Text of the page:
Alzheimer’s disease begins decades before the onset of any symptoms, such as memory loss.
Consequently, early diagnosis increases the chances of slowing the disease down with drugs.
In a study from Karolinska Institutet and elsewhere, scientists found that a protein called GFAP is a possible biomarker for the very early stages of the disease.
The results suggest that GFAP, a presumed biomarker for activated immune cells in the brain, reflects changes in the brain due to Alzheimer’s disease that occur before the accumulation of tau protein and measurable neuronal damage.
The study could one day lead to earlier detection of this serious and common disease.
Alzheimer’s disease causes 60 to 70% of all dementia cases, according to the Swedish Brain Foundation.
In Alzheimer’s disease, nerve cells in the brain degenerate as a result of the abnormal accumulation of the proteins beta-amyloid and tau.
As more brain neurons become damaged, this manifests in the dysfunction of cognitive functions such as memory and speech.
The disease progresses insidiously and biological changes in the brain begin already 20 to 25 years before memory loss and other cognitive symptoms become evident.
In the study, the team looked for biomarkers in blood for very early pathological changes in a rare and inherited form of Alzheimer’s disease that accounts for less than 1% of all cases.
People with a parent with Alzheimer’s disease caused by a mutation have a 50% risk of developing the disease themselves.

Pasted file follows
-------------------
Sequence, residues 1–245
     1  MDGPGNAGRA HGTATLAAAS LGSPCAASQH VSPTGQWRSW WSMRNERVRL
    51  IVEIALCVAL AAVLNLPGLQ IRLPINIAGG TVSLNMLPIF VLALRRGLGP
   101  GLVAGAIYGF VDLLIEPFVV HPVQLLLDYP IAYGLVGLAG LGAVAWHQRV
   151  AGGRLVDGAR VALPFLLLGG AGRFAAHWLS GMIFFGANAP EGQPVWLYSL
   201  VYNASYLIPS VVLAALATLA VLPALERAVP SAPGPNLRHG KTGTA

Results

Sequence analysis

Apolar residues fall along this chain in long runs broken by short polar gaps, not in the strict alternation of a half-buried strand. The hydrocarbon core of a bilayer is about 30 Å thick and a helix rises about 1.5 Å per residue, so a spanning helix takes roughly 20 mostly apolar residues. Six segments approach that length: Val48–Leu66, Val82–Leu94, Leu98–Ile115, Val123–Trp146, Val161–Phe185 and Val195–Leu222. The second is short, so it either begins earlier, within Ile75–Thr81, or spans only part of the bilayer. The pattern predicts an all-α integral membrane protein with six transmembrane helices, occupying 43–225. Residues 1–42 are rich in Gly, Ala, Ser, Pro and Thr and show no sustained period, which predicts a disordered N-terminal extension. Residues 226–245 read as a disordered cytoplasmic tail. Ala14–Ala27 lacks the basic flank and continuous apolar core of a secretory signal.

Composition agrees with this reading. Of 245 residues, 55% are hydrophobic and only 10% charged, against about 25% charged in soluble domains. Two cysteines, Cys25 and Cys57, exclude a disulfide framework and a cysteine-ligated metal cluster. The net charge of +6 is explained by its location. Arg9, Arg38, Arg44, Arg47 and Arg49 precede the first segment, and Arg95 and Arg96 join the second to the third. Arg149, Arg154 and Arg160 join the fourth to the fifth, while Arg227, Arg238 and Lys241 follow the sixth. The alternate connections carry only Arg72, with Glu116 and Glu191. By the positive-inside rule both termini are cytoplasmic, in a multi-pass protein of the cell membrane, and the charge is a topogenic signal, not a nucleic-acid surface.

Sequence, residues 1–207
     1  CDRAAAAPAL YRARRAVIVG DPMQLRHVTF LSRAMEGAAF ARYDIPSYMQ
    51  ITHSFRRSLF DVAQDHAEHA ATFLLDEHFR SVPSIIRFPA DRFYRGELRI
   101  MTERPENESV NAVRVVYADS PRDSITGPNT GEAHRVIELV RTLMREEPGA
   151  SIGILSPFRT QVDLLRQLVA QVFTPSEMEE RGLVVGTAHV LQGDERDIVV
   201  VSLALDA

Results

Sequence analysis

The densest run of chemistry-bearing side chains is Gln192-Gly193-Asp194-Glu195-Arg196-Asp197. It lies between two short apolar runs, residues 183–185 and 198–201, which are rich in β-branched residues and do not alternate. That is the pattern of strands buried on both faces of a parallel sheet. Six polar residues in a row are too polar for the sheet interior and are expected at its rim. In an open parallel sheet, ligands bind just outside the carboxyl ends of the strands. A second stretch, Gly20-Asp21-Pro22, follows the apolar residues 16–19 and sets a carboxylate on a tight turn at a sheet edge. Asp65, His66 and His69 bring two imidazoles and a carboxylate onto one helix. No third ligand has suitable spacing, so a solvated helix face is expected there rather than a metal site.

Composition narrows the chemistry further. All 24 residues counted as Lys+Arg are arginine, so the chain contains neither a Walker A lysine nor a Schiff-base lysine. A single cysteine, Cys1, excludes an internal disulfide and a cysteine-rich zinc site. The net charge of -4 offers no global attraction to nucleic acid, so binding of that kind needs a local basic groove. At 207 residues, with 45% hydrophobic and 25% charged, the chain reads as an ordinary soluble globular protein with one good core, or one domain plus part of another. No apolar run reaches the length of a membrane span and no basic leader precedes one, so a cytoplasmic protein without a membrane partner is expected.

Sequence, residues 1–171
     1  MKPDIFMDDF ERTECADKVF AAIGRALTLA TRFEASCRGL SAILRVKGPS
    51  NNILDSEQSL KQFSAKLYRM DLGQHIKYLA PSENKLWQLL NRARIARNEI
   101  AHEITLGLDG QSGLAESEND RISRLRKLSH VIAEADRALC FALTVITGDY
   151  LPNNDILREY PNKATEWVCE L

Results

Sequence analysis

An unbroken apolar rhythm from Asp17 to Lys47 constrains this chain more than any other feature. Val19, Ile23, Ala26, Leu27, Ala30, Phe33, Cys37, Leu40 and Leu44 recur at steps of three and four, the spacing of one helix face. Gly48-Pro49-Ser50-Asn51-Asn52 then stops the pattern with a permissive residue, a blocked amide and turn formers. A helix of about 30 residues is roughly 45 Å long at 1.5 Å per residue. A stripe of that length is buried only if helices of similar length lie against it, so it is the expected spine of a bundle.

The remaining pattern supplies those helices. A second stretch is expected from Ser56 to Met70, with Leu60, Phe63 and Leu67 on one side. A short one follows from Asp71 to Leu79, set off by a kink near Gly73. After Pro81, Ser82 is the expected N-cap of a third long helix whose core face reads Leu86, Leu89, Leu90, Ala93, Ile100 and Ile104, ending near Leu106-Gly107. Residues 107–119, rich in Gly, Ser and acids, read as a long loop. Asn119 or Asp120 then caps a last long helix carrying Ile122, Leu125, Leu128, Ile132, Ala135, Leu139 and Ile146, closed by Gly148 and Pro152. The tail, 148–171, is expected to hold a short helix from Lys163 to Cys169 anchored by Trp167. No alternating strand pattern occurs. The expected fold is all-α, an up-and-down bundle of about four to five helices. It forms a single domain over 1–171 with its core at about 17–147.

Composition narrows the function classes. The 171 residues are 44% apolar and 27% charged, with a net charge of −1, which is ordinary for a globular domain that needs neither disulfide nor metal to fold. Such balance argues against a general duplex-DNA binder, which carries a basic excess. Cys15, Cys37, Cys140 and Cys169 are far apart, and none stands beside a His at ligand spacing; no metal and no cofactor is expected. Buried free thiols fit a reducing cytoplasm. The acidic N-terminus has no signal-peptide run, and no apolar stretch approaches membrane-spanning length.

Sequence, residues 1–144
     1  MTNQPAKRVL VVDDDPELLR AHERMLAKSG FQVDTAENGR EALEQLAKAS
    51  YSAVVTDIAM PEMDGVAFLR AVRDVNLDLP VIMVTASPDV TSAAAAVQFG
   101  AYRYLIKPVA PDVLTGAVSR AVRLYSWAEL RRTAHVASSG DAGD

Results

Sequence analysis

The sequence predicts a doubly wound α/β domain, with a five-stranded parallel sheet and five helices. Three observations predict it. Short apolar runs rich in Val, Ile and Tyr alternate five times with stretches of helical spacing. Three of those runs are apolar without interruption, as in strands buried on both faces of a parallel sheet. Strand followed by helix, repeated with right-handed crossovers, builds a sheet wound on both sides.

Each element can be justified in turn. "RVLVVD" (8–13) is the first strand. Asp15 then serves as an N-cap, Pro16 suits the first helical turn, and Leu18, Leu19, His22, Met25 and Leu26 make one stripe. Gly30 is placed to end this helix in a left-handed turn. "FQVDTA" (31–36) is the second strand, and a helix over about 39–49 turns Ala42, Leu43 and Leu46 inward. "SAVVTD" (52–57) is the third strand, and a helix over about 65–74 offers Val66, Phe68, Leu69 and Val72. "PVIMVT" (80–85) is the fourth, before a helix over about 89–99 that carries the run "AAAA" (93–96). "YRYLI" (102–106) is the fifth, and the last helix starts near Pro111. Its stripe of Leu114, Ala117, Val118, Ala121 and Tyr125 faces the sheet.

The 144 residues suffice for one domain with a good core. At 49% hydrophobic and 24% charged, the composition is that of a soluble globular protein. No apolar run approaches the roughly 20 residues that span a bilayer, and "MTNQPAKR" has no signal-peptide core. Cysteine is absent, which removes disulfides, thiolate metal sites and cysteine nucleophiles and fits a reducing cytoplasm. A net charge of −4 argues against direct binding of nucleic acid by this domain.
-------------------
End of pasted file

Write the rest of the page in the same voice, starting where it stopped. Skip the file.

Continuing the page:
They analyzed 164 blood plasma samples from 33 mutation carriers and 42 relatives without the inherited pathogenic predisposition. The data were collected between 1994 and 2018.
Their results reveal clear changes in several blood protein concentrations in the mutation carriers.
The first change was an increase in GFAP (glial fibrillary acidic protein) approximately ten years before the first disease symptoms.
This was followed by increased concentrations of P-tau181 and, later, NfL (neurofilament light protein), which we already know is directly associated with the extent of neuronal damage in the Alzheimer’s brain.
This finding about GFAP improves the chances of early diagnosis.
If you care about Alzheimer’s, please read studies about antioxidants that could help reduce the risk of dementia, and 5 steps to protect against Alzheimer’s and Dementia.
For more information about brain health, please see recent studies that herb rosemary could help fight COVID-19 and Alzheimer’s disease, and results showing this stuff in mouth could help prevent Alzheimer’s.
The study was conducted by Charlotte Johansson et al and published in the journal Brain.
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